Lichen Planopilaris

Lichen planopilaris (LPP) is a condition that causes scarring and patches of hair loss, usually on your scalp. It may also cause scalp pain, itching or burning. Medications or laser therapy can help control symptoms, but early treatment is key.


What is lichen planopilaris?

Lichen planopilaris (LPP) is a condition that causes inflammation in your scalp and hair follicles. It often causes scarring and patches of permanent hair loss, usually on your head.


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Who does lichen planopilaris affect?

LPP happens most often in women and people assigned female at birth who are 40 to 60 years of age. But it can also affect adults of any sex or age.

How common is lichen planopilaris?

LPP is the leading cause of scarring alopecia (hair loss due to scarring). But when compared to all types of hair loss, LPP is the cause in about 1% of cases.


What are the types of lichen planopilaris?

There are three types of lichen planopilaris:

  • Classic lichen planopilaris: Scarring causes bald patches on your scalp.
  • Frontal fibrosing alopecia: Bald patches and scarring appear at your hairline near your forehead. You may also lose hair in your eyelashes or eyebrows.
  • Lassueur-Graham-Little-Piccardi syndrome: You may have scarring and bald patches on your scalp, as well as thinning hair in your armpits and groin. You may also notice rough bumps around your hair follicles.

Symptoms and Causes

What are the symptoms of lichen planopilaris (LPP)?

Lichen planopilaris symptoms may come on quickly or gradually. If you have LPP, you might notice:

  • Bald patches on your scalp.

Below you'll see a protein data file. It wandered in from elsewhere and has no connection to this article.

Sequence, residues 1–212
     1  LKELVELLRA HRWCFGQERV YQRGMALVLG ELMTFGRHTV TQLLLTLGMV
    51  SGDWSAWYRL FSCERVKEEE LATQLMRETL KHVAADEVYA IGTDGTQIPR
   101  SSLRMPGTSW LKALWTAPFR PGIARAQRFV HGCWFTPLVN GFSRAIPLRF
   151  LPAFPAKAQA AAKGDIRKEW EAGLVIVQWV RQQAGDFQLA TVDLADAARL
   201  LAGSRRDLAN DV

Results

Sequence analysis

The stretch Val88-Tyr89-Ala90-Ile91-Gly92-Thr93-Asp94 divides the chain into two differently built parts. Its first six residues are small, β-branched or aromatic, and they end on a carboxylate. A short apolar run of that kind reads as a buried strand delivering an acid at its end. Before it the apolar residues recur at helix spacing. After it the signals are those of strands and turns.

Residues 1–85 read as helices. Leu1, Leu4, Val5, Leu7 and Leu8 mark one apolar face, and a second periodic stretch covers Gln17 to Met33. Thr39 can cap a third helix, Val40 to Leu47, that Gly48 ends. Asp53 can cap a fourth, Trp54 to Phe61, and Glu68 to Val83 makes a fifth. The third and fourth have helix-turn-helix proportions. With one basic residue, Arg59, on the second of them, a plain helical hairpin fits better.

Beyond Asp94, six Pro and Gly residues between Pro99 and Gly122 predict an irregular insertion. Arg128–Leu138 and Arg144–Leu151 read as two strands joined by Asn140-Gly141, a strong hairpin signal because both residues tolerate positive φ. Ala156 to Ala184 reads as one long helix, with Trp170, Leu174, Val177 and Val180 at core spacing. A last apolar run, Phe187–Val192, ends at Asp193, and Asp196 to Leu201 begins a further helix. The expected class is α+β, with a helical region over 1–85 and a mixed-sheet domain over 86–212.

• Red, thick or scaly patches of skin on your scalp.
  • Scalp pain, itching or burning.

LPP is a form of lichen planus, a condition that causes an itchy rash on your arms and legs and in your mouth. Lichen planus can also cause ridges or splitting of your nails. Nearly half of people with LPP also develop symptoms of lichen planus.


What causes lichen planopilaris?

Experts don’t fully understand what causes lichen planopilaris. However, it appears that T-cells, which are part of your immune system, attack your hair follicles.

Because T-cells are involved, many experts believe LPP is an autoimmune disease. Autoimmune means your immune system mistakenly attacks healthy tissues or organs.

Is lichen planopilaris contagious?

LPP isn’t contagious and you can’t spread it to others.

Diagnosis and Tests

How do providers diagnose lichen planopilaris?

First, your provider may look at your scalp and skin and perform a physical examination. They may also ask you about your health history and medications you take.

Lichen planopilaris can look like other skin conditions, so you may need additional tests for a diagnosis, such as:

  • Dermoscopy: Your provider uses a magnifying device with a light to take a close look at any patches of hair loss or scarring.
  • Skin biopsy: During a skin biopsy, your provider takes a small sample of your skin and sends it to a lab for analysis.

Management and Treatment

How is lichen planopilaris treated?

Several different medications and therapies can help you manage the symptoms of lichen planopilaris (LPP). Most therapies for lichen planopilaris include a medication that reduces inflammation, as this is an inflammatory disorder. Your treatment plan may include:

  • Antibiotics, fight bacterial infections and reduce inflammation.